It's tasteful. It's compact. It's dynamically competent. Hell, it even has genuine wood trim! Can the BLS really be a Cadillac? Well, since you happen to ask...
Mechanically, the new Caddy is essentially a Saab 9-3, which itself is derived from the Vauxhall Vectra. It's a commercially astute alliance, all three brands being GM-owned, but there's another good reason for Cadillac relying on the oily bits from a Saab: traditionally, despite believing to the contrary, Cadillac has been weak at producing cars that live up to European expectations. The American company gave itself a reality check at the beginning of the BLS's development, however, and realised that it was better off using proven components, especially as the aim is to come a-knocking on the doors of the BMW 3-series, Audi A4 and Mercedes C-class.
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You might reasonably argue that if cars of that calibre are the target, then perhaps the 9-3 isn't such a great base to work from, but Cadillac is only after the prestige of its European rivals and isn't necessarily seeking to match their dynamic prowess. In fact, the BLS has deliberately been engineered to be slightly softer and more comfortable than the German crowd in an acknowledgment of the way most owners will drive most of the time; 'performance without the punishment' is the company's cutesy catchphrase.
To that end, Cadillac has devoted a lot of development hours to quietening down the basic Saab package, especially at the back of the car. The BLS uses softer suspension settings than the 9-3, and in terms of the parts you can actually see, only the roof and windows are shared with the Swede.
The BLS's styling is the work of an in-house team led by GM's vice president of design, Ed Welburn, and its sharp creases and confident details certainly succeed in making it stand out from the herd in the upper-exec market. There's a distinct American twang to its appearance, yet it's far from brash, looking different rather than odd and out of context.
All the BLS's engines will be turbocharged, and the line-up comprises a 1.9-litre diesel with 148bhp, a 2-litre petrol four with 173bhp and 207bhp options, and a 2.8-litre V6 giving 251bhp. At the car's launch on the roads around Nice, the latter engine was the only one available with evo appeal, so unfortunately you won't get to read about the turbodiesel here.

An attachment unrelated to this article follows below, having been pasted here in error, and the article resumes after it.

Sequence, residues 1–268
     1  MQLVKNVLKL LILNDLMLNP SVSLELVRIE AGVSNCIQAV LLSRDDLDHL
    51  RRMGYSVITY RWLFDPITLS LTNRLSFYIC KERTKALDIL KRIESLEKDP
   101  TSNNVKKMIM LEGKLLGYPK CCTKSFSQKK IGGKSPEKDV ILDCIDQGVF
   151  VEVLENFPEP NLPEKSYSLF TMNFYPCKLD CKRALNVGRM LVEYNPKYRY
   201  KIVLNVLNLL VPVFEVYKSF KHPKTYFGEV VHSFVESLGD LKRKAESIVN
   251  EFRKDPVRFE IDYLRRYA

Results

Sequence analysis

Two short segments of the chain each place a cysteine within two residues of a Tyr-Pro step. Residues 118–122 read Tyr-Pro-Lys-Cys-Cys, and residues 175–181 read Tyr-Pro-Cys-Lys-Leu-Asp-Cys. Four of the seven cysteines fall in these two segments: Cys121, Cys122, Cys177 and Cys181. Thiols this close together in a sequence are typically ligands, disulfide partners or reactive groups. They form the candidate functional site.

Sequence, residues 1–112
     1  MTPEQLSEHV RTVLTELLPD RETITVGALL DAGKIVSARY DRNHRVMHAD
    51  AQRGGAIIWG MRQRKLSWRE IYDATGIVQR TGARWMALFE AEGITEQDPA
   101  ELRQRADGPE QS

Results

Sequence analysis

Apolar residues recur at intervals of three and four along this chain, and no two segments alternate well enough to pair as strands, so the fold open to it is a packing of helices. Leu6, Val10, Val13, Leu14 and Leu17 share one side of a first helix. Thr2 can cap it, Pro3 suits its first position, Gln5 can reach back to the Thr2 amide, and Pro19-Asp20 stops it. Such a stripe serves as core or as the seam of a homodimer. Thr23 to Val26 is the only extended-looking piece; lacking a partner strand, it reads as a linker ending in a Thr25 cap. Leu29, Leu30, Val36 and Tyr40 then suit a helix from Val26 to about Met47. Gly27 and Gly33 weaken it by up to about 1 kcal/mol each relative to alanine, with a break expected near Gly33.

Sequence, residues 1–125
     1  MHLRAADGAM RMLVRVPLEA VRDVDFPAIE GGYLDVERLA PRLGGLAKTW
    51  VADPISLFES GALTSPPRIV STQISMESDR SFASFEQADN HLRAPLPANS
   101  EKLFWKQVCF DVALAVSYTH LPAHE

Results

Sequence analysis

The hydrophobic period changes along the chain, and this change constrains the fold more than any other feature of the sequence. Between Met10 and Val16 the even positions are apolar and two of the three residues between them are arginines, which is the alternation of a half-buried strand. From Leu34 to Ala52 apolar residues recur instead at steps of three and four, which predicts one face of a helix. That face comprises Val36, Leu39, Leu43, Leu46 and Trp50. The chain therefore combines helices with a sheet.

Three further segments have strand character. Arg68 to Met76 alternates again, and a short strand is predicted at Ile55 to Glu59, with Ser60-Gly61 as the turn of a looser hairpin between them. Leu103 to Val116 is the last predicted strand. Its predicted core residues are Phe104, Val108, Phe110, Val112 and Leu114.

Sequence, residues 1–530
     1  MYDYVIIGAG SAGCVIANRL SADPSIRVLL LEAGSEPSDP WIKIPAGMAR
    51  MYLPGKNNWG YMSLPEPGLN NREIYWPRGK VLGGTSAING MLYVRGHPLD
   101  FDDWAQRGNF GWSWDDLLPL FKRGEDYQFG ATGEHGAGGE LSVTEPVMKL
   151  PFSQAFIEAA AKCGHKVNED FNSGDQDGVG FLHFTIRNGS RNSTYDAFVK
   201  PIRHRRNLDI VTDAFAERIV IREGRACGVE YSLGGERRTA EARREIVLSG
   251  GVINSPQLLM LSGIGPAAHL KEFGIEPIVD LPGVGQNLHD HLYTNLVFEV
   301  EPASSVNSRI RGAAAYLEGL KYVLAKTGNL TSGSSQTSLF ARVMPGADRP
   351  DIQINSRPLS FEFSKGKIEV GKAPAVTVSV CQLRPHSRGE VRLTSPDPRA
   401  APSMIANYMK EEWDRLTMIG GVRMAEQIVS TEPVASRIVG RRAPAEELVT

The blown V6 isn't short on pace or refinement but, as in the Saab, neither is it a rabid mile- annihilator. You travel quickly in the BLS, not dramatically, which, to be fair to its genetics, is just what Caddy planned for the car. What you will notice about the BLS while you sit at a 100mph cruise is how quiet and refined it seems. Cadillac's under-the-skin tinkerings having paid dividends.
There's a six-speed automatic coupled to the engine of our test car (a six-speed manual is also available), and although it can dish up commendably silken full-throttle shifts, it can also occasionally dump gears on you like an inept learner. It's a Saab gearbox, so, as in the 9-3, the Cadillac offers manual shift operation via either the regular lever or steering-wheel-mounted paddles, though choosing when to shift doesn't eradicate the trait. Your desire to chuck the Caddy down an inviting road is further eroded by woolly steering, fluffy brakes, front-wheel-drive tug and wriggle during hard acceleration, and a degree of bodyroll endemic to any car that places its dynamic emphasis on ride quality. And unlike other, larger Cadillacs, there are no plans as yet to develop a sports chassis pack for the BLS.
It would be wrong to dismiss the BLS out of hand, though. It looks sharp, has a first-rate interior and a keen appetite for motorway miles. For people to whom such things matter, it does a good job and should further appeal through its competitive leasing deals. Viewed from a driving thrills perspective, however, it seems unlikely that BMW and Audi will be waving the white flags just yet.
|Engine||V6, 2792cc, turbocharged|
|Max power||251bhp @ 5500rpm|
|Max torque||258lb ft @ 1800-4500rpm|
|Top speed||152mph (claimed)|